April is Autism Awareness Month. There isn’t a better way to mark this occasion but to discuss lesser-known factors that may play a role in autism spectrum disorder (ASD). Though there are countless studies on the connection between mast cells and autism, the role and prevalence of mast cell activation are not part of the daily conversation when discussing the causes, symptoms, and treatment strategies for autism. Let’s change that.
Mast cell activation syndrome (MCAS) and histamine intolerance can affect your entire body and cause widespread symptoms. One of the potential symptoms of mast cell activation is brain inflammation. Brain inflammation due to increased mast cell activity may lead to brain fog, memory issues, concentration troubles, insomnia, headaches, migraines, depression, anxiety, and so on.
It may not be surprising that mast cell dysregulation may be involved in the development and symptoms of autism spectrum disorder. In this article, I want to discuss the role of mast cells in autism and what to do about increased mast cell activation.
What Is Autism
Autism spectrum disorder (ASD) or autism is a term used for a range of conditions that can result in social, behavioral, and communication challenges. In Canada, about 1 in 66 children are diagnosed with autism (1). In the US about 1 in 44 children have an autism diagnosis (2). Adult diagnosis of autism is increasingly prevalent as well with about 2% of adults having an autism diagnosis (3, 4). Since the diagnosis can come with both emotional and financial challenges and is not available for everyone, the actual number of children and adults with autism are likely higher than official statistics.
Autism has various subtypes. Subtypes, symptoms, and characteristics may be influenced by both genetic and environmental factors. The symptoms of autism can widely vary between different individuals. For example, for some individuals with autism, social interactions are incredibly difficult, while for others, not so much. Learning, thinking, and problem-solving abilities can greatly vary from highly gifted to average to severely challenged. Many individuals with autism can lead a healthy and productive life without support. Other ASD patients need some or a lot of outside support in their daily lives for their entire life.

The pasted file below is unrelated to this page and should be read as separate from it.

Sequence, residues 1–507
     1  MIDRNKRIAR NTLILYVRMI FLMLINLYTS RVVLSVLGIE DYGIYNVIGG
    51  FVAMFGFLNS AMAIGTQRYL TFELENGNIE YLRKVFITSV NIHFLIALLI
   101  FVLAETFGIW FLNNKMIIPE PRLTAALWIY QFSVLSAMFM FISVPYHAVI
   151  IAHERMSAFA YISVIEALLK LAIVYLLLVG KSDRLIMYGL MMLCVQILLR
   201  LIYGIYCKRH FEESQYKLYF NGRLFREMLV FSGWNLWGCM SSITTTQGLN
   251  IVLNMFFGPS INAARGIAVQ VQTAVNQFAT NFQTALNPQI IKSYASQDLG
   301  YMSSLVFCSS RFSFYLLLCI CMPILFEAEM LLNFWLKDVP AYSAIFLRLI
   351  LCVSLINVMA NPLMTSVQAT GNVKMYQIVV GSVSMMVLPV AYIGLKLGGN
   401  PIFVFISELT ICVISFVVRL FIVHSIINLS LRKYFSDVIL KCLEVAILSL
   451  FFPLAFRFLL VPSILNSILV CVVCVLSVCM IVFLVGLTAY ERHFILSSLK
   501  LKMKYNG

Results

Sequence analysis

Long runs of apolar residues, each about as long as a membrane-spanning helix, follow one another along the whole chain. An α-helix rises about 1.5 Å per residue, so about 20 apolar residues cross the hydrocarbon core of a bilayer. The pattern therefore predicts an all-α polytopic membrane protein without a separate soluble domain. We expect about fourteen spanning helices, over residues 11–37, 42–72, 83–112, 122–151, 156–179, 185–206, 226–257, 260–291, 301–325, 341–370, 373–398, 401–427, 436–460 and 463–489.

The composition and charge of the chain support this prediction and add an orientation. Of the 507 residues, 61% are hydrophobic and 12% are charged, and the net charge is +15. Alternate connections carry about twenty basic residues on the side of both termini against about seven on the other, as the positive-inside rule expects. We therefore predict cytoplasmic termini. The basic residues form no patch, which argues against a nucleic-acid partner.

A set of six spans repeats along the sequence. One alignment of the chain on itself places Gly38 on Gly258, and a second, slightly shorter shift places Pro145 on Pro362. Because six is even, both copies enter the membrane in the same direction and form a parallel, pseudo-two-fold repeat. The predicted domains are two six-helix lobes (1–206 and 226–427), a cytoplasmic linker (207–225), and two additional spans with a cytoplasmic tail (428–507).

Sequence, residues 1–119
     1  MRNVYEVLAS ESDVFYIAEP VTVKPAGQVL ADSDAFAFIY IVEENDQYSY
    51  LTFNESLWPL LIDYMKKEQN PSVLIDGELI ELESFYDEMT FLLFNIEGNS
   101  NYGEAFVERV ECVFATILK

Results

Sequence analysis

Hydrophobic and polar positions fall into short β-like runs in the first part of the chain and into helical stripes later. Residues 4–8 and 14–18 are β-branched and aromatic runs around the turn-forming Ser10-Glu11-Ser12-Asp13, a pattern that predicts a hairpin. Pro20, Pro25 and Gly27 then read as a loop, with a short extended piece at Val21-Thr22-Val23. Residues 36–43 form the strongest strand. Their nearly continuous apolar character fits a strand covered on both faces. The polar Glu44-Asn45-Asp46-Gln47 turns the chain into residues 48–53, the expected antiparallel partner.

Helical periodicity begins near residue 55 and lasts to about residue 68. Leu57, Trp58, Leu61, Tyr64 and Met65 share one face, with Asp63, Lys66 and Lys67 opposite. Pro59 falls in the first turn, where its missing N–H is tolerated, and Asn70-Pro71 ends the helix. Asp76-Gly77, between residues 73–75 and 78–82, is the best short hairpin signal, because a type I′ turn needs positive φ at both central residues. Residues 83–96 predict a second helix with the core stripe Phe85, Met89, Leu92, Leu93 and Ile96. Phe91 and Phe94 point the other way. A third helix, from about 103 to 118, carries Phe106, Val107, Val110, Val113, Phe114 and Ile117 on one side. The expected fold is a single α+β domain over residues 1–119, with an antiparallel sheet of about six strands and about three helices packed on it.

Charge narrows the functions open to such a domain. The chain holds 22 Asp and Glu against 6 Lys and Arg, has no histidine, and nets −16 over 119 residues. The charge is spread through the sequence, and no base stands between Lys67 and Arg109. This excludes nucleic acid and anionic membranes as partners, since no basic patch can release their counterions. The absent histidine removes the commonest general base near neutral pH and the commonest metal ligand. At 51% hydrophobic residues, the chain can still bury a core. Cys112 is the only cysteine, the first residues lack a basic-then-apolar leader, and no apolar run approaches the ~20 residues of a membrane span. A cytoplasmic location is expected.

Though we understand autism more and more, research is ongoing. We gain a deeper understanding of the disorder and treatment options every day. There are many factors that may influence the development, symptoms, and treatment of autism, including genetic, family history, other mental health or behavioural conditions, other medical issues, environmental factors, nutrition, and lifestyle factors.
One of the less talked about factors that may influence autism is your mast cells. Addressing mast cells and mast cell activation may help to improve the symptoms and the quality of life of some people with autism. Before I get into the connection between autism and your mast cells, I want to briefly go over what your mast cells are.
What Are Mast Cells
Your mast cells are white blood cells found in your connective tissues, including your digestive tract, skin, respiratory tract, urinary tract, reproductive organs, surrounding your nerves, and near your blood vessels and lymph vessels. Your mast cells store histamine and other inflammatory mediators. When your body is exposed to an allergen, pathogens and microbes, or some chemical it will lead to an immune response. Your mast cells can release these inflammatory mast cell mediators to protect you from harm. Your mast cells are absolutely necessary for a healthy immune system and a healthy body. However, overactive mast cells can lead to problems. Overactive mast cells may increase the risk of mast cell disorders, including mast cell activation syndrome (MCAS). This may result in chronic and widespread symptoms and health issues, including hives, itching, eczema, skin issues, headaches, migraines, fatigue, nervous system symptoms, digestive issues, and bladder problems (5, 6, 7, 8).
Mast Cells and Autism